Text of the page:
- Any medicine can cause a severe allergic reaction. Such reactions from a vaccine are very rare, estimated at about 1 in a million doses, and would happen within a few minutes to a few hours after the vaccination.
As with any medicine, there is a very remote chance of a vaccine causing a serious injury or death.
The safety of vaccines is always being monitored. For more information, visit: www.cdc.gov/vaccinesafety/index.html
WHAT IF THERE IS A SERIOUS REACTION?
What should I look for?
Look for anything that concerns you, such as signs of a severe allergic reaction, very high fever, or unusual behavior.
Signs of a severe allergic reaction can include hives, swelling of the face and throat, difficulty breathing, a fast heartbeat, dizziness, and weakness. These would usually start a few minutes to a few hours after the vaccination.
What should I do?
If you think it is a severe allergic reaction or other emergency that can't wait, call 9-1-1 or get to the nearest hospital. Otherwise, call your doctor.
Afterward, the reaction should be reported to the Vaccine Adverse Event Reporting System (VAERS). Your doctor should file this report, or you can do it yourself through the VAERS web site at www.vaers.hhs.gov/index.html, or by calling 1-800-822-7967.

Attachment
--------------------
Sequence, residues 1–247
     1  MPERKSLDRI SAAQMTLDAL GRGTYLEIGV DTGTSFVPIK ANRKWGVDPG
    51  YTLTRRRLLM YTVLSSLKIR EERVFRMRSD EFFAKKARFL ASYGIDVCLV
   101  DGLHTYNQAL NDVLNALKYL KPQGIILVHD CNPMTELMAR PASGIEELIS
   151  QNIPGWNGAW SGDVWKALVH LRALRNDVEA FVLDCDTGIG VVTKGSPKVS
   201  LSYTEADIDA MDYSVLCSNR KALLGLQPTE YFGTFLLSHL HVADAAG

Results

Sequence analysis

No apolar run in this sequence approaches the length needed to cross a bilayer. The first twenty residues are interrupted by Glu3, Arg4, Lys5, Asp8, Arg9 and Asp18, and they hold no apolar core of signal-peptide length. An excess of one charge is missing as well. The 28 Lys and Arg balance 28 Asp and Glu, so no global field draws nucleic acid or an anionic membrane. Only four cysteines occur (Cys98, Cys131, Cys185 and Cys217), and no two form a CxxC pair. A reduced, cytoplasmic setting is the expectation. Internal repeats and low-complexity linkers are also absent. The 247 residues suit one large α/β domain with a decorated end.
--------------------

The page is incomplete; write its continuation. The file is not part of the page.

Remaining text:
VAERS does not give medical advice.
THE NATIONAL VACCINE INJURY COMPENSATION PROGRAM
The National Vaccine Injury Compensation Program (VICP) is a federal program that was created to compensate people who may have been injured by certain vaccines.
Persons who believe they may have been injured by a vaccine can learn about the program and about filing a claim by calling 1-800-338-2382 or visiting the VICP website at www.hrsa.gov/vaccine-compensation/index.html. There is a time limit to file a claim for compensation.
HOW CAN I LEARN MORE?
Ask your health care provider. He or she can give you the vaccine package insert or suggest other sources of information.
- Call your local or state health department.
Contact the Centers for Disease Control and Prevention (CDC):
- Call 1-800-232-4636 (1-800-CDC-INFO).
- Visit CDC's web site at www.cdc.gov/hpv.
HPV (Human Papillomavirus) VIS. Centers for Disease Control and Prevention Web site. Updated December 2, 2016. www.cdc.gov/vaccines/hcp/vis/vis-statements/hpv.html. Accessed July 5, 2017.
Review Date 5/11/2017
Updated by: Anita Sit, MD, Department of OB/GYN, Santa Clara Valley Medical Center, San Jose, California (for identification purposes only). Also reviewed by David Zieve, MD, MHA, Medical Director, Brenda Conaway, Editorial Director, and the A.D.A.M. Editorial team.